Vacation is over, but make massage part of your schedule

Rick Hayhurst, LMT


Don't let yourself give up those massages just because summer-and the vacations and relaxation that go along with it-is winding to a close. In a news update "Massage Therapy: What You Knead to Know," the National Institutes of Health reported, "an hour-long ‘dose' of Swedish massage therapy once a week (is) optimal for knee pain from osteoarthritis."


That news was anything but news to Rick Hayhurst, LMT, who specializes in neuromuscular therapy, craniosacral therapy, and sports massage at the Raby Institute. In practice for 20 years, Hayhurst knows massage works, and sees positive results daily in patients with various pain syndromes, ranging from musculo-skeletal pain to emotional pain.


"Massage is about listening, assessing," Hayhurst said "I'm looking at dysfunctions in the body to figure out which tools I can bring to create balance. Neuromuscular therapy, myofascial therapy, soft tissue manipulation-the way I treat you depends on the demands you have put on your body."


The benefits of massage are far-reaching, and can have major impacts on people who experience:


• Headaches, including migraines
• TMJ Pain & Dysfunction
• Whiplash
• Back pain
• Carpal Tunnel
• Sciatica
• Myofascial pain syndromes
• Paresthesias and nerve pain
• Myalgias and muscle pain
• Soft tissue strains or injuries
• Sports injuries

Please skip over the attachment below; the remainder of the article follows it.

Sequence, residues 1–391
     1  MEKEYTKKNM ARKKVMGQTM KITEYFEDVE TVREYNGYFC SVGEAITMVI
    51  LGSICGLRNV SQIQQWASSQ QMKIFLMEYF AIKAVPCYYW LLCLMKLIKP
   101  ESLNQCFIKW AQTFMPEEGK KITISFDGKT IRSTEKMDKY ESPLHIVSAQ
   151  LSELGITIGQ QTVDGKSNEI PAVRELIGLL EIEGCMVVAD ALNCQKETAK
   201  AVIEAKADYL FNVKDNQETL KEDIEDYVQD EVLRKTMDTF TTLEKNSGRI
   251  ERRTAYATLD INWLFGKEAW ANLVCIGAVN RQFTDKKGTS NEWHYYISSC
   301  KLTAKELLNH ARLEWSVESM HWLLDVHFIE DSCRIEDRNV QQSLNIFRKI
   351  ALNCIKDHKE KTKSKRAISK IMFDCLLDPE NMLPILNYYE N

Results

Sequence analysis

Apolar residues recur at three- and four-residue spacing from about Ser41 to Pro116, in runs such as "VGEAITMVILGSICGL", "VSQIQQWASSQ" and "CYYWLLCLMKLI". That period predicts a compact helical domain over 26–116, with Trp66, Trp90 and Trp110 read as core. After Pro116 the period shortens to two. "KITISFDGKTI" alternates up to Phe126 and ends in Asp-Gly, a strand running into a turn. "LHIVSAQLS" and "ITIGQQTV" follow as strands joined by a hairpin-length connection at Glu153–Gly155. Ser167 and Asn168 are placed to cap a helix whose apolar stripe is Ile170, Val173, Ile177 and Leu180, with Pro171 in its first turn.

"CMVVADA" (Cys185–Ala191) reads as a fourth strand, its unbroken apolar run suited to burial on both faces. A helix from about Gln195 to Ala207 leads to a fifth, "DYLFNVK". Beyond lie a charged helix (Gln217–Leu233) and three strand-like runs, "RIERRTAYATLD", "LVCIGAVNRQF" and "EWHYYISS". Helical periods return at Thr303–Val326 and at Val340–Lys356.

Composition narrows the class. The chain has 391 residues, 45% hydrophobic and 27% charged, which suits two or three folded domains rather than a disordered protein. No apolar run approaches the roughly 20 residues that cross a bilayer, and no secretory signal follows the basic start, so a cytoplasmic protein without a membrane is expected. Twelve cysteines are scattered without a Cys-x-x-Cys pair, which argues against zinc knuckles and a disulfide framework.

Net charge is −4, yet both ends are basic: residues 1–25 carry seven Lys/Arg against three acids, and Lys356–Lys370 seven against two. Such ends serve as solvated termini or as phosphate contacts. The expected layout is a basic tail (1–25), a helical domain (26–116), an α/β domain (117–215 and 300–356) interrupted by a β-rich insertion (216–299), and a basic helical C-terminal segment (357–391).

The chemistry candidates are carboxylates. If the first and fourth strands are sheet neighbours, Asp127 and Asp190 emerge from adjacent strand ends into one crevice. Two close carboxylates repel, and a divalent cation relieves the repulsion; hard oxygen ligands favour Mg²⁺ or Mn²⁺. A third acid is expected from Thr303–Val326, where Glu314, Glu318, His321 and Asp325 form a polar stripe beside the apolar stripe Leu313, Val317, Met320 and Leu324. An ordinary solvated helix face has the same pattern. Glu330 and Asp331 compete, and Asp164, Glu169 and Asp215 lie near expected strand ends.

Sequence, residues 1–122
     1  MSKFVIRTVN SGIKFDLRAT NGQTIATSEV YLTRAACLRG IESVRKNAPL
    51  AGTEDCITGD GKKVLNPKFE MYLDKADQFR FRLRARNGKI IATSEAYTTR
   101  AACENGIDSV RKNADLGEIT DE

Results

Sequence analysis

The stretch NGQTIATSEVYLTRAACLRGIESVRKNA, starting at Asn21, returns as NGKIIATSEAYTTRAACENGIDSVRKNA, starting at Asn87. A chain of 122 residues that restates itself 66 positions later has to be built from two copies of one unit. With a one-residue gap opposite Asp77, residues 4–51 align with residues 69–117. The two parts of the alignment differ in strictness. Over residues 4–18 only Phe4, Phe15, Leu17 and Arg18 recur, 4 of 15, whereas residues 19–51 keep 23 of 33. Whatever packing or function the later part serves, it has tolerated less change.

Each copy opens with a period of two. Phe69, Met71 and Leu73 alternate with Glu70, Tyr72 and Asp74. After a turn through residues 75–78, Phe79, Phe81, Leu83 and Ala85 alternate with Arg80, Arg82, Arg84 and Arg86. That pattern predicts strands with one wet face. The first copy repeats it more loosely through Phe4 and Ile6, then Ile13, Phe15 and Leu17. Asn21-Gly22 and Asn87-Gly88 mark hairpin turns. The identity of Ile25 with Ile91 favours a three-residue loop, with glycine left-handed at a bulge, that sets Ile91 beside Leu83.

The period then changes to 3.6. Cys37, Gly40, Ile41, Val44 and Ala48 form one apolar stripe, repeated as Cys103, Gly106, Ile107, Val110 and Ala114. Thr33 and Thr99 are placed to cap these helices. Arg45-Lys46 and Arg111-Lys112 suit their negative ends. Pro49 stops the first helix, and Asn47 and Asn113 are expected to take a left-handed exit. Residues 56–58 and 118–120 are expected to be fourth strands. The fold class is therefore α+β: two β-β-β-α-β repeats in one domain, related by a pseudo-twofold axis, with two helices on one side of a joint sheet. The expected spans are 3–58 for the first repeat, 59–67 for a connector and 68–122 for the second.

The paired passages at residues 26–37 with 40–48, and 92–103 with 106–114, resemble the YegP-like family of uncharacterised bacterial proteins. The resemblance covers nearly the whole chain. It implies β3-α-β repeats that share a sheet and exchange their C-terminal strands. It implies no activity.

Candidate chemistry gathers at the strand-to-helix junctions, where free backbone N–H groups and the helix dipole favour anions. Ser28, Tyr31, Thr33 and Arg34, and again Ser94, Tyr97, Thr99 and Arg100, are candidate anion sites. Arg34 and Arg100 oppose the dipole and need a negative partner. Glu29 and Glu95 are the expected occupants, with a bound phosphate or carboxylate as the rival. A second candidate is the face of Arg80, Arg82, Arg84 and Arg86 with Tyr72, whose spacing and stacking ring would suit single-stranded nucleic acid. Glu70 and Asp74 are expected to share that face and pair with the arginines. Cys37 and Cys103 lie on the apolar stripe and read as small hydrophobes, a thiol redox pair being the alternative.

• Digestive disorders
• Fibromyalgia
• Insomnia
• Anxiety
• Depression


The NIH article also cites a study looking at how massage affects muscles at the molecular level. Researchers found that "kneading eases sore muscles after exercise by turning off genes associated with inflammation and turning on genes that help muscles heal."


While pleased to see the NIH reporting on the benefits of massage, Hayhurst said he typically looks to the Touch Research Institute and the Journal of Bodywork & Movement Therapies for the latest massage findings. The Institute is dedicated solely to studying the effects of touch therapy. Established in 1992, it began after Johnson & Johnson gave the University Of Miami School Of Medicine a start-up grant to create the first center in the world devoted to the study of touch in science and medicine. The Institute brings together a team of researchers from Duke, Harvard, and other leading universities.


However, Hayhurst said he was happy to see the NIH looking at massage seriously. "It's really exciting that that level of government is raving about massage therapy. They say it may improve your health, and they say that at the very beginning of the story. That is a powerful statement coming from this resource."


"My physician takes the time to talk to me. When I go to the Raby Institute I know I am going to get more than a prescription – I am going gain a deeper understanding of my complete health."
- Raby Institute patient